When the Oscars were first created, they were meant to simply stand as an annual even to award the Best Pictures of the Year, also honoring cinema in general, basically a chance to revisit the greatest movies of all time (a definition, to them, gradually becoming thinner) once a year. Dually, it was meant to serve as an introduction of lesser-known great films to audiences. But is it any longer necessary in the information age? With the invention of the internet, the world was enabled with a superhighway of information. Reviewers and critics served as the medium for movies. Doesn’t it make more sense to take the word of reviewers you’ve learned share your own opinions, as opposed to an elite group of people whose identities you don’t know? The reason we don’t hear about these films is because studios keep them under wraps until the end of the year during limited release. While we’re mulling over this area, it’s safe to say that while these films make virtually no money in theatrical release, after the Oscars, they make a big video release hit. Just look at the comments on Amazon these days about Oscar nominated flicks, usually one star reviews from those with low attention spans not accustomed to arthouse. Getting back to my point, the statute the Oscars originated from is completely beaten with the internet.
An excerpt of some negative reviews of Terrence Malick’s The Tree of Life from Amazon:
As I stated before, I think that award ceremonies that precede the Academy Awards have too much influence over the voting. Is it simply because these committees are all too like-minded? Or is it because they are composed of some of the same voters? The Screen Actors Guild and Academy Awards are both composed of Hollywood actors and actresses, so does that determine why The Help always seems to be in the pool? Different award committees should have a diverse set of people so that every great film or film maker has an equal chance in the end, their own argument. Because really, does the fact that Kenneth Branagh sticks around for My Week with Marilyn make it more memorable than Alan Rickman’s powerful mutter of “always?” Please, whenever you think of the fairness of the Academy Awards, just remember that one word. Always. For those Potterphiles morally offended by the snub, never let that feeling go away.
Snubs hurt too much to deal with them. For the film makers who dedicate their efforts to making a film, not getting recognition by the Academy is like a slap in the face, especially with unworthy film makers deemed there by politics (see above). Andy Serkis has admitted his discouragement by his lack of acknowledgement of the late. Steven Spielberg hasn’t been getting much love for War Horse, severely lacking of a Best Director nomination, or even for The Adventures of Tintin, not included in the Best Animated Feature category due to disdain for motion-capture animation (again, see Andy Serkis). No one doubts Rooney Mara’s finesse in The Girl with the Dragon Tattoo, but why didn’t Naoomi Rapace get a nomination for doing the role first? Why can’t David Fincher seem to win an award that he deserved not once, but thrice? Alfred Hitchcock, who directed Psycho, and Vertigo never even received an Oscar. And that’s when you remember that The Blind Side, The Reader, and Extremely Loud and Incredibly Close all have Best Picture nominations, pulled only by the strings of Oscar voters, who are pulled by the strings of dirty politics and influence. They ignored what the audience thinks is best– and really, isn’t thatwhat the Oscars are supposed to be about? In my opinion, a perfect system would be an amalgamation of the different influences of the film making community. 50% of the vote would go to reviewers and critics that are CHOSEN by the public. 20% would go to Oscar voters, 10% to Actors and Film Makers, 10% to Small Bloggers, and 10% Public Vote. This way everyone would get a say of what is the Best Picture of the Year and there could be no complaints. If people get together and make this happen, we could have a new, fairer Oscars, designed for a new generation. Not that I’m recommending it, but it wouldn’t be completely rash to start an Oscar Boycott this year. Because really, you can just watch all of the cool stuff online and find out the winners dually, also getting to avoid two hours of drawl and people patting themselves on the back.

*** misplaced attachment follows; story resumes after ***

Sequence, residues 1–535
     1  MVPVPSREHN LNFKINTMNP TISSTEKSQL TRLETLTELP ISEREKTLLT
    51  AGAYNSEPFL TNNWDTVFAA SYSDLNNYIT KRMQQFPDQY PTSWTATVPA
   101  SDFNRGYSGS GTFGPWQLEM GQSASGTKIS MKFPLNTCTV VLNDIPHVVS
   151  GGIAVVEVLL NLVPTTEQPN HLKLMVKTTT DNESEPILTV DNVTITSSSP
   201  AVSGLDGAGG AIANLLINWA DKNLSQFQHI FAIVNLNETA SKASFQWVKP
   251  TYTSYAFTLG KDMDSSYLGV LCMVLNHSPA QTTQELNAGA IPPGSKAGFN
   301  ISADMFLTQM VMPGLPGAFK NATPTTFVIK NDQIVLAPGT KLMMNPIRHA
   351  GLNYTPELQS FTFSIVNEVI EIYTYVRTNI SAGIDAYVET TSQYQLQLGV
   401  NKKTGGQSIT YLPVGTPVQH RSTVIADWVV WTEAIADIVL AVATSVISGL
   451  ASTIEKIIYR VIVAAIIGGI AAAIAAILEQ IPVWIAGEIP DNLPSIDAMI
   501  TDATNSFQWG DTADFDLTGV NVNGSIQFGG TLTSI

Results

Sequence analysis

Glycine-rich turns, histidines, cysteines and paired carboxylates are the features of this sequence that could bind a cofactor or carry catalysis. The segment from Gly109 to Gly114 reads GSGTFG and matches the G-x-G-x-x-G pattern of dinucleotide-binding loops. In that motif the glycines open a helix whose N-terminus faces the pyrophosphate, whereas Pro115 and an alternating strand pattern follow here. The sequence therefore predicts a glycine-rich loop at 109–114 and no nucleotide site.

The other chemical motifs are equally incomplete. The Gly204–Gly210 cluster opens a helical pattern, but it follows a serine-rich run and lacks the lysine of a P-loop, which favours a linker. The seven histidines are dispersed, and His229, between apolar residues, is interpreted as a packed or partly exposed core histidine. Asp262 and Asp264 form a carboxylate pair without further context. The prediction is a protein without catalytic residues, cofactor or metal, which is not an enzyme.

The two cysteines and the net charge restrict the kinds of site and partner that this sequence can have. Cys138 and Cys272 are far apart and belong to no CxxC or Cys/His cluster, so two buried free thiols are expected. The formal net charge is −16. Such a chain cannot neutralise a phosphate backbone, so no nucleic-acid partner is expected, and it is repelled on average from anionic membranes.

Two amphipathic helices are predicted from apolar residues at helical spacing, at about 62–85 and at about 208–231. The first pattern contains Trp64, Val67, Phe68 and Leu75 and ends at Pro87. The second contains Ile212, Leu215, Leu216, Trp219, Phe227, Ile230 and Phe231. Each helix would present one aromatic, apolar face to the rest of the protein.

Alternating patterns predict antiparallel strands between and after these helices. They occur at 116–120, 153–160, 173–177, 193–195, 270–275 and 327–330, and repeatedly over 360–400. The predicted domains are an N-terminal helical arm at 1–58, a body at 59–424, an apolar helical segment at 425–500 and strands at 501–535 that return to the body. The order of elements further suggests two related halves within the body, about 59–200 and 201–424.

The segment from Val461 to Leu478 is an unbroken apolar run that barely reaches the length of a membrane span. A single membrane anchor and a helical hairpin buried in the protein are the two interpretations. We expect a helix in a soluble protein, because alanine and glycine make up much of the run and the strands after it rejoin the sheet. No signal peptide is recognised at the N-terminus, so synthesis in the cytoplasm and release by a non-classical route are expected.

Until this dream could happen, we will be dominated by the politically run Oscars, and by my reasoning, one that is no longer relevant to the medium. The likes of David Heyman, Christopher Nolan, Judd Apatow, and The Muppets are all owed apologies, but for now, it looks like all they’ll have to feel better with is their billions of dollars and devoted fans from across the planet. Not that any of that matters, though. Not if the ever prestigious Academy Awards says so.